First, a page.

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Diffusion tensor MRI of the cervical cord in a patient with syringomyelia and multiple sclerosis
  1. F Agosta1,2,
  2. M Rovaris1,2,
  3. B Benedetti1,2,
  4. P Valsasina1,
  5. M Filippi1,2,
  6. G Comi2
  1. 1Neuroimaging Research Unit, Scientific Institute and University Ospedale San Raffaele, Milan, Italy
  2. 2Department of Neurology, Scientific Institute and University Ospedale San Raffaele, Milan, Italy
  1. Correspondence to:
 Dr M Filippi
 Neuroimaging Research Unit, Department of Neurology, Scientific Institute and University Ospedale San Raffaele, Via Olgettina, 60, 20132 Milan, Italy;

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Diffusion tensor magnetic resonance imaging (DT-MRI) is a powerful technique which provides quantitative information about structural and orientational features of the central nervous system. Development of DT-MRI based technology for identification for individual fibre tracts is important; this will allow detailed assessment of the damage to the intrinsic nerve tract, which could be helpful in understanding how tissue damage causes clinical deficits in various neurological conditions. In this context, the assessment of cord damage with DT-MRI is particularly appealing. The cord contains uniformly orientated fibres, thus obviating some caveats of anisotropy measures in the brain—for example, those related to the presence of crossing fibres on a voxel scale. Unfortunately, because of the small size of the cord and its sensitivity to artefacts related to the cerebrospinal fluid, cardiac and respiratory motions, spinal cord DT-MRI presents some technical difficulties and has been used in only very small and preliminary studies.1,2

Against this background, we carried out DT-MRI of the cervical cord in a 62 year old man with syringomyelia and primary progressive multiple sclerosis. In 1989, he had complained of bilateral arm weakness and sensory loss and cervical syringomyelia was diagnosed. In 1995, he complained of progressive gait disturbances, followed by subacute onset of bilateral visual loss. Primary progressive MS was diagnosed based upon brain MRI and cerebrospinal fluid findings.3 Although he now requires bilateral assistance for walking, following surgical intervention the upper limb signs and symptoms related to syringomyelia did not worsen over the past five years.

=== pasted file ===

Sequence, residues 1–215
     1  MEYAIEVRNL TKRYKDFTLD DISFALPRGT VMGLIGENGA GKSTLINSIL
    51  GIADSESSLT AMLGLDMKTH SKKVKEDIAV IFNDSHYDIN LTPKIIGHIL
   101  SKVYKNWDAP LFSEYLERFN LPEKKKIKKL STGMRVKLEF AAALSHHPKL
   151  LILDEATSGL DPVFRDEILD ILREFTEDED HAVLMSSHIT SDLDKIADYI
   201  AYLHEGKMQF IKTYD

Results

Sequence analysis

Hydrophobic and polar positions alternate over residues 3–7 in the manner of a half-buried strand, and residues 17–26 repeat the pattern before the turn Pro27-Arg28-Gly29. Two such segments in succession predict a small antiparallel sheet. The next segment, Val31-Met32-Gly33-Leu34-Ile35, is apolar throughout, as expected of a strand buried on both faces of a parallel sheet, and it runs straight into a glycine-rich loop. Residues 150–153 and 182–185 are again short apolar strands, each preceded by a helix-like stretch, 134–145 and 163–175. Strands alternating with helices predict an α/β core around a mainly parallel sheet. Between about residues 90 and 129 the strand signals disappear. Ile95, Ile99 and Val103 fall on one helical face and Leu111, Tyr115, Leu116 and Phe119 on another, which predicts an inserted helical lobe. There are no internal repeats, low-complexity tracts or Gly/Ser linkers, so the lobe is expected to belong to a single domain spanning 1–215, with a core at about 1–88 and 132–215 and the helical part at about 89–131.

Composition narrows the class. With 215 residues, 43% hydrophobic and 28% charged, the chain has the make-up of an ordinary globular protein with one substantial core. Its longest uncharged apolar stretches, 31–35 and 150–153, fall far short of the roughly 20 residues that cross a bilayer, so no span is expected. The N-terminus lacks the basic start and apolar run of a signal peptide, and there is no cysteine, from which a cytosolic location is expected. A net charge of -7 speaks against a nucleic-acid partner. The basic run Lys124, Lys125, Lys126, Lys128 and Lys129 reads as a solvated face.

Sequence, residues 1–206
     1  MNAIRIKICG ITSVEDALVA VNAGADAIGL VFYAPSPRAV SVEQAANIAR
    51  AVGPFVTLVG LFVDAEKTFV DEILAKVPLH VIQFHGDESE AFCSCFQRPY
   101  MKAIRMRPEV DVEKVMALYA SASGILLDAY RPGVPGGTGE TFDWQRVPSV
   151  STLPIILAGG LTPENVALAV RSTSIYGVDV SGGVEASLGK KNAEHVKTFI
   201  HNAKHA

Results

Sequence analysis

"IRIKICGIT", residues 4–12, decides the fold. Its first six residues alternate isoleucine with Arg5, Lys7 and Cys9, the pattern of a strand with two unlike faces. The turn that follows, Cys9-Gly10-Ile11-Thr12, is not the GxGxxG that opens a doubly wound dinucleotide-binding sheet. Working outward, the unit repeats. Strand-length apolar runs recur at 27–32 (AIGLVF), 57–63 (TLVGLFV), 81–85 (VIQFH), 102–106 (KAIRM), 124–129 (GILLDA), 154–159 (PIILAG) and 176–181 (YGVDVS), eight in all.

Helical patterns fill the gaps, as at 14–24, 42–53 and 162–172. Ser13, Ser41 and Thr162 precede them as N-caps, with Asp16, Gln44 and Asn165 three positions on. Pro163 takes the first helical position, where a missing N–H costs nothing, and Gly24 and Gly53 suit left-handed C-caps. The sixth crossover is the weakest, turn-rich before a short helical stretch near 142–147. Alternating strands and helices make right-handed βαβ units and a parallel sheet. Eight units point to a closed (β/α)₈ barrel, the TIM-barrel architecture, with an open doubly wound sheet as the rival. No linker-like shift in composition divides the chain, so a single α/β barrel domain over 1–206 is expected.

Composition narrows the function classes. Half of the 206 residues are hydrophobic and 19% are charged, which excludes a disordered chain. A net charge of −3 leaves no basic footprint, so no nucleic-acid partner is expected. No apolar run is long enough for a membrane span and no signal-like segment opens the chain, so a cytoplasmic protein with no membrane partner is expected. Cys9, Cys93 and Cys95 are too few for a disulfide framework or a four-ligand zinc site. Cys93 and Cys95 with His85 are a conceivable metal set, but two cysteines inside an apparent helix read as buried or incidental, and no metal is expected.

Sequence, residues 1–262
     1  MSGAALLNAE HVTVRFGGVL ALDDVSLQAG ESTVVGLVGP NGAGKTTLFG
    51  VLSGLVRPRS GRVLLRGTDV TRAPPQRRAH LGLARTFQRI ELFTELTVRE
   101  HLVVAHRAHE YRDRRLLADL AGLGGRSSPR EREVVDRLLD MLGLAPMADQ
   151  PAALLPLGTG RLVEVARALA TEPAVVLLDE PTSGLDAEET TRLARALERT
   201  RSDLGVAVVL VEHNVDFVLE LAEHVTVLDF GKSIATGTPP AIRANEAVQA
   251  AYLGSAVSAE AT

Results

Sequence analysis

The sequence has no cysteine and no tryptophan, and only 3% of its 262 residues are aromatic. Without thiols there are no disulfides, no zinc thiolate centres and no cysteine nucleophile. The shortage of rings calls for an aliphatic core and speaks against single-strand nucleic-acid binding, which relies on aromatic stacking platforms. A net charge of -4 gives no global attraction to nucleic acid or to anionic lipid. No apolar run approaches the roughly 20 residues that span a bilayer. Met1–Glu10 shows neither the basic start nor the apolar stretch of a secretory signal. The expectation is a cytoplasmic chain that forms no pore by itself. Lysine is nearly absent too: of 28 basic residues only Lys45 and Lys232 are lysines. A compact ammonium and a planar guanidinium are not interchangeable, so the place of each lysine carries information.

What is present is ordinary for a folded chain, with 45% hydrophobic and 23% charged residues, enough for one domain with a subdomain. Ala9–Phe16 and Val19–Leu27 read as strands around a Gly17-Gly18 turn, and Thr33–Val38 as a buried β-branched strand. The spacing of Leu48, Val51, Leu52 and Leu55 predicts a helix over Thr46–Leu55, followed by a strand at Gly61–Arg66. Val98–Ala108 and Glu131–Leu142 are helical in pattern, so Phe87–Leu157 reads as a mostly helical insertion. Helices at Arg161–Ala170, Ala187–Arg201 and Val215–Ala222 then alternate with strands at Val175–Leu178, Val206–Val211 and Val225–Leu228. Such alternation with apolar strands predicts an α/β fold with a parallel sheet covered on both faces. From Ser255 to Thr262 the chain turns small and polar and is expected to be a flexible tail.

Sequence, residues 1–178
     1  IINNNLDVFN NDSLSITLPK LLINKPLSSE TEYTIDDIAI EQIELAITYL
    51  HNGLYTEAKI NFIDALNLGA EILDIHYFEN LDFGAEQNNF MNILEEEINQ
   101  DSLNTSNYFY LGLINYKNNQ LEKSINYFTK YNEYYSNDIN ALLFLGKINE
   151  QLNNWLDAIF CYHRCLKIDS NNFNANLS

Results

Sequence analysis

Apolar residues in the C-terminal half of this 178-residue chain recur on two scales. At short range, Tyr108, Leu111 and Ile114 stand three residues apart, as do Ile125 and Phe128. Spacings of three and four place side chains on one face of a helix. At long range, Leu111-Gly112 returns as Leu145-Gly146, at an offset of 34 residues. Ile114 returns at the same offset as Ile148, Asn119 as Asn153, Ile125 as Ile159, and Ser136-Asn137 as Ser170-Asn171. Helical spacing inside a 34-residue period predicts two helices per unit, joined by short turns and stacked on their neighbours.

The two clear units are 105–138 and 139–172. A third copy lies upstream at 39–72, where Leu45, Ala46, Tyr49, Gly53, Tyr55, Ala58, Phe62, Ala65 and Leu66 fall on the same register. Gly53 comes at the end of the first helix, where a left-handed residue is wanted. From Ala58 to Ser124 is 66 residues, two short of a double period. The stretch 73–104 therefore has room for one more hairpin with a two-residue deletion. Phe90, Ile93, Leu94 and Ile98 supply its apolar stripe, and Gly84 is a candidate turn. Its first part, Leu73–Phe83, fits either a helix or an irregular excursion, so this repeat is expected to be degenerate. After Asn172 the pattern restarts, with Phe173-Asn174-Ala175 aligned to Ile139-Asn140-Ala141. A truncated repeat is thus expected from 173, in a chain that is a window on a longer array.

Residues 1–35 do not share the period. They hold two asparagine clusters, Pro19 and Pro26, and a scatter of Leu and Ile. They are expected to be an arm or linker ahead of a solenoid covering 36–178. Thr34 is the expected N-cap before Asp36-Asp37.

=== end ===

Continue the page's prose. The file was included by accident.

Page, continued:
We acquired sensitivity encoding (SENSE) single shot echo planar imaging (EPI) sequence4 of the cervical cord and the brainstem of the patient. This sequence collected 16 images per section, including two images with no diffusion weighting (b∼0 s/mm2) and 14 images with the same b factor of 900 s/mm2 but with gradients applied in different directions. The diffusion unweighted images were needed to compute the DT, and the gradient orientation was chosen according to the algorithm proposed by Jones et al,5 designed to optimise DT-MRI acquisition. The measurement was repeated four times to improve the signal to noise ratio. Three saturation bands were used, positioned in the anterior part of the neck and transversely at the edges of the field of view in the vertical direction. From the SENSE single shot EPI images, a colour encoded sagittal image was obtained. The blue colour indicates preferential fibre direction along the z axis, the green colour preferential water molecular motion along the x axis, and the red colour preferential water molecular motion along the y axis. A sagittal T2-weighted sequence of the cervical cord was also acquired.

The sagittal T2-weighted image (fig 1A) shows a syrinx extending for the whole length of the cervical cord. The colour encoded SENSE single shot EPI image (fig 1B) demonstrates the presence of preserved white matter fibre tracts around and beyond the syrinx. This latter finding is consistent with the relatively preserved motor and sensory functions of the patient, despite the extensive cervical syrinx visible on the T2-weighted image.

Figure 1

 (A) Sagittal T2-weighted image of the cervical cord showing a syrinx extending its whole length down to the thoracic tract. (B) Sagittal SENSE single shot EPI image of the cervical cord showing preserved white matter fibre tracts around and beyond the syrinx.

In this patient, the preserved tissue geometry of the cervical cord around the syrinx underpins the potential of DT-MRI to provide a more complete picture of cord damage in different neurological disorders. Compared with conventional MRI, it enabled us to obtain quantitative information of the pathological characteristics of the tissue beyond the abnormalities visible on MRI. This shows promise in overcoming the well known discrepancy between aspects of conventional MRI and the clinical findings, reported in numerous neurological conditions. Moreover, clinical application of cord DT-MRI tractography may have prognostic value with regard to functional recovery after acute inflammatory or demyelinating pathologies, as it may enable us to investigate the residual integrity of clinically important pathways.



  • Competing interests: none declared